Pubdate: Fri, 14 Mar 2008
Source: Times of India, The (India)
Copyright: Bennett, Coleman & Co. Ltd. 2008
Author: Jug Suraiya


If drugs were not banned, would Scarlett Keeling, the British teenager
who was raped and murdered in Goa, be alive today? Perhaps.

It was not drugs that killed Scarlett; it was the criminalisation of
drugs that led to her death and to the subsequent cover-up attempt by
the local police who allegedly are in collaboration with the drug
mafias, mainly from Russia and Israel, who have reportedly set up
operations in the state.

Scarlett's murder raises a question often asked by libertarians: Does
the prohibition of certain substances (tobacco, liquor, drugs) do more
harm than good? In the case of liquor, the experience with prohibition
worldwide, from the US to Stalinist Russia, has been emphatically negative.

Indeed, the growth of the mafia in the US has been traced to
prohibition. In India, sporadic or piecemeal attempts at prohibition
in various parts of the country have led to organised bootlegging,
rampant corruption, gang wars and liquor deaths caused by toxic moonshine.

There is medical evidence to suggest that both tobacco and liquor have
more long-term deleterious effects on health than most if not all
drugs (nicotine, one of the most poisonous substances known, is said
to be several times more addictive than heroin).

Despite this, drugs are almost universally banned -- and equally
universally used -- while liquor and tobacco are, more or less, freely
available in many if not most parts of the world.

Thanks to largely unchallenged convention, liquor and cigarettes are
both seen by legislators and by society in general as 'less immoral'
than drugs. (Though in the Indic tradition, drugs like charas are
routinely used by sadhus and tantriks, and bhang is a staple of Holi.)

A 'dope fiend' or a 'crack head' is deemed to be a greater threat both
to himself and to others than an alcoholic or a chain-smoker. This is
mainly because using or dealing in drugs is seen to be a criminal act,
while using or dealing in liquor or tobacco is not.

Drugs, by themselves, may well be less harmful, addictive or
life-threatening than either liquor or tobacco (marijuana, for
example, has proven medical benefits, including that of giving pain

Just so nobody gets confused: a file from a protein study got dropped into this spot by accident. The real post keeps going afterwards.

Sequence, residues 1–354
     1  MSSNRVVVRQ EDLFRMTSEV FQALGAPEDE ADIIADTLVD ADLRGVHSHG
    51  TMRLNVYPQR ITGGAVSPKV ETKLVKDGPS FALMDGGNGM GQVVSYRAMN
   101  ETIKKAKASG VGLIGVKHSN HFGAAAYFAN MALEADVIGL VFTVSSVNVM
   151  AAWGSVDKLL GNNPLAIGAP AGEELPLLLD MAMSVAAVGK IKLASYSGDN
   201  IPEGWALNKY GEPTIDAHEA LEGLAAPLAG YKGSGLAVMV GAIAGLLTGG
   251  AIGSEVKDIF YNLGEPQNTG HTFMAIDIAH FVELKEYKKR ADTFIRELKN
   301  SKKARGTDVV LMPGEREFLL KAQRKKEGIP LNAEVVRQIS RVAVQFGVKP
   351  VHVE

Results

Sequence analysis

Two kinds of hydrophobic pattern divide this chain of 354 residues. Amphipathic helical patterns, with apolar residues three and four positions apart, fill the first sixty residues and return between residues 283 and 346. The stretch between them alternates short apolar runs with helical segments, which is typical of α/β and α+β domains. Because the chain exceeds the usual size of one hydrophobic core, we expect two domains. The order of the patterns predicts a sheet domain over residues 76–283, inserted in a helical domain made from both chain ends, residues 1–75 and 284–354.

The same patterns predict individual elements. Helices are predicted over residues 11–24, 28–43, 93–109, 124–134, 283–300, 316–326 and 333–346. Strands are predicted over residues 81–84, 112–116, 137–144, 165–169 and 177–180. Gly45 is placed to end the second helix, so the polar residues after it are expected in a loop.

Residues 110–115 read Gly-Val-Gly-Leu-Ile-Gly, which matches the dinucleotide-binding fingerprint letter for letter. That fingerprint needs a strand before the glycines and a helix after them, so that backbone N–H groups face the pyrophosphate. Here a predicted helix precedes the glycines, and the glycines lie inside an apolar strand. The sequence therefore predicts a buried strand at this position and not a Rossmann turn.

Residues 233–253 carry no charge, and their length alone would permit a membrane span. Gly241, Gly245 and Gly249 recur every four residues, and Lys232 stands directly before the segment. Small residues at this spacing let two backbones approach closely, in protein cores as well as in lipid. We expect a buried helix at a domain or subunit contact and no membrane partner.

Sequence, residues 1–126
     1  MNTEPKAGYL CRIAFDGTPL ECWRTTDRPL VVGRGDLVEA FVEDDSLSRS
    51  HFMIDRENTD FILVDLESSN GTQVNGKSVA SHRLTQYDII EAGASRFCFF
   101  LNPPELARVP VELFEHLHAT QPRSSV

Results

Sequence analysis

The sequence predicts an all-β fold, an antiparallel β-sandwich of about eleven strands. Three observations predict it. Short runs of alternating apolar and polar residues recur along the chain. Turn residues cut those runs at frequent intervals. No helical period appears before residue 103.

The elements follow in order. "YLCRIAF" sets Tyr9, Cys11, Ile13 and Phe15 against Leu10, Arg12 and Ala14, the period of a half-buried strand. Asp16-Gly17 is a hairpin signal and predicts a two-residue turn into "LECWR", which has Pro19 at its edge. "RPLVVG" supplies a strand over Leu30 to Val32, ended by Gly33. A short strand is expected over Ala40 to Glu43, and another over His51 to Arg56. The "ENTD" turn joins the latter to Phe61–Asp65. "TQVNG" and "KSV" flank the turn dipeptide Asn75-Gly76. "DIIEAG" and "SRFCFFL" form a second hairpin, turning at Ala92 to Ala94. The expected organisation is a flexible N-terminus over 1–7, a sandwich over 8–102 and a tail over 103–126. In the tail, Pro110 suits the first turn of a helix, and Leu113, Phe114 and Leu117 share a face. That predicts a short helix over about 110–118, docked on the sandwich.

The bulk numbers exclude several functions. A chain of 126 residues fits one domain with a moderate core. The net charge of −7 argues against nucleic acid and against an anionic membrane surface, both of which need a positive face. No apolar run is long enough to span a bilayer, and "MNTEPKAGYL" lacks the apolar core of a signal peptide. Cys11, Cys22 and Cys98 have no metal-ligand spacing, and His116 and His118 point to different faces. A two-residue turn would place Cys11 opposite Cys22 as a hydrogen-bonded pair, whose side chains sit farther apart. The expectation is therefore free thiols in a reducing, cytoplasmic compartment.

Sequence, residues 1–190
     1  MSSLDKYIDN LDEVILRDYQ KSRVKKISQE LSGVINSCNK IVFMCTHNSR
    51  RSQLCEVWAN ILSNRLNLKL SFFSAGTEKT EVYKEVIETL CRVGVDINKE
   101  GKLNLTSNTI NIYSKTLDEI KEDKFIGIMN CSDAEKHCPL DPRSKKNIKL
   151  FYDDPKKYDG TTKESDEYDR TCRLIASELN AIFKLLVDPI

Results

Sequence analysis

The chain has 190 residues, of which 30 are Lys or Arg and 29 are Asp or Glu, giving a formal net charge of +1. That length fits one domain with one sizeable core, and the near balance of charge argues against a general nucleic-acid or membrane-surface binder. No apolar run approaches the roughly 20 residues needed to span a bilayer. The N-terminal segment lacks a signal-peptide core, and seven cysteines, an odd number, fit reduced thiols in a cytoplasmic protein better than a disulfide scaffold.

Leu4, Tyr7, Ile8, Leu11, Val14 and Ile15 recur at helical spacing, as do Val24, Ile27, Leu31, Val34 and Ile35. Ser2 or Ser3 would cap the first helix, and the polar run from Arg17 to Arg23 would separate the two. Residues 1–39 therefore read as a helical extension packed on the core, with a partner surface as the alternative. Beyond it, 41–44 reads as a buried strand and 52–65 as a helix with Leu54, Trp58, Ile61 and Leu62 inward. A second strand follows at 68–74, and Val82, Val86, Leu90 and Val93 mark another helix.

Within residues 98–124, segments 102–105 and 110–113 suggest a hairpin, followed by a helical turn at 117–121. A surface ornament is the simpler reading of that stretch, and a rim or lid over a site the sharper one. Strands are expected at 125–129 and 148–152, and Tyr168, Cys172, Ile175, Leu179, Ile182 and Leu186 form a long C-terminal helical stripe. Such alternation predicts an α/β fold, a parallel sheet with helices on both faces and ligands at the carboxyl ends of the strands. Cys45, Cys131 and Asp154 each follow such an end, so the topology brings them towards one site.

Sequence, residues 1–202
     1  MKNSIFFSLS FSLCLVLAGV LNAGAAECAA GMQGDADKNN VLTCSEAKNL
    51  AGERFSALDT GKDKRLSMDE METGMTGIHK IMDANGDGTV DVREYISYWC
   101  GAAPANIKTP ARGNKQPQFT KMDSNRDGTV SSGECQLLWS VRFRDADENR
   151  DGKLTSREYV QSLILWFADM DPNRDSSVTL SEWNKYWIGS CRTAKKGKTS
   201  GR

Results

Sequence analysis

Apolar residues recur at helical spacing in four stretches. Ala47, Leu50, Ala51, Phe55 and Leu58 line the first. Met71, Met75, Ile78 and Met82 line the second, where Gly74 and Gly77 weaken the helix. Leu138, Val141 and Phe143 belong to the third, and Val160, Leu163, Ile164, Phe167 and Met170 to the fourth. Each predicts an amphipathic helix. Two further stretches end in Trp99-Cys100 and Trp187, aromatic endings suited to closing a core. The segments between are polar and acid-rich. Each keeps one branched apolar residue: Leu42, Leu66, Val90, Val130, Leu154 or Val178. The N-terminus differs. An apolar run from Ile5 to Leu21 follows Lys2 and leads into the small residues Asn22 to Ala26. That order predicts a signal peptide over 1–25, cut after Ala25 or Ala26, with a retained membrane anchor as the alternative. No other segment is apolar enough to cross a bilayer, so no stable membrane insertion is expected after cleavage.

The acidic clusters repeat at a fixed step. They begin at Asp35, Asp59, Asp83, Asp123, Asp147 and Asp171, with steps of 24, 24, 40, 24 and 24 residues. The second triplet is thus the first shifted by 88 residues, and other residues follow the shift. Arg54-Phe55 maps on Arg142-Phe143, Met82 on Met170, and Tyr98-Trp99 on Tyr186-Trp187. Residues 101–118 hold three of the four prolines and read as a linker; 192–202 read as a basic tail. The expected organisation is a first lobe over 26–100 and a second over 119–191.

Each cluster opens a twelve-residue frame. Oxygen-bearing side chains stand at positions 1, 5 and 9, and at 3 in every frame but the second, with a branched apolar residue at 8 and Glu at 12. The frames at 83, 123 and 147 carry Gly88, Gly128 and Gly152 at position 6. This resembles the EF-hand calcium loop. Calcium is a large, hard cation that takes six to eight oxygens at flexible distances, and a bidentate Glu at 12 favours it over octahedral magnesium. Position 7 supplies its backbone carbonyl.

relief to cancer patients); what is harmful and life-threatening is
the criminalisation of drugs through their proscription.

The legitimisation of drugs is not a moral issue; it is an economic
issue. There is just too much money to be made in drugs -- by drug
lords, dealers, pushers and corrupt law enforcement officials -- for
the trade ever to be legalised, thereby bringing down prices hugely
and putting paid to corruption.

In the End of Faith Sam Harris notes that the UN has estimated the
international drug trade at $400 billion a year, a sum larger than the
US defence budget and which constitutes 8 per cent of all global trade
(textiles account for 7.5 per cent and automobiles for 5.3 per cent).

"The total cost of our (US) drug laws could easily be in excess of
$100 billion each year. Our war on drugs consumes an estimated 50 per
cent of the trial time of our courts and the full-time energies of
over 4,00,000 police officers. These are resources that might
otherwise be used to fight violent crime and terrorism."

Harris concludes that it is prohibition itself which has made the drug
business so lucrative, with profit margins ranging from 5,000 per cent
to 20,000 per cent, and thereby impossible to eradicate.

Forget morality or public health issues. The real reason that drugs
can never be legitimised is purely economic. Just too many people -- in
Goa and elsewhere -- are making too much money thanks to the ban.

By driving drugs underground so that their dealership is in the hands
of criminals rather than legitimate, and accountable, entrepreneurs,
prohibition increases the risk factor, not just for drug users but
also for the community as a whole which faces the consequences of
organised crime networks, on the one hand, and a corrupt 'enforcement'
machinery, on the other.

Legalise drugs? Scandalous idea. But is it any more, or less,
scandalous than the possibly preventable death of Scarlett, and many
more like her? A question, perhaps, whose time has come to be asked.
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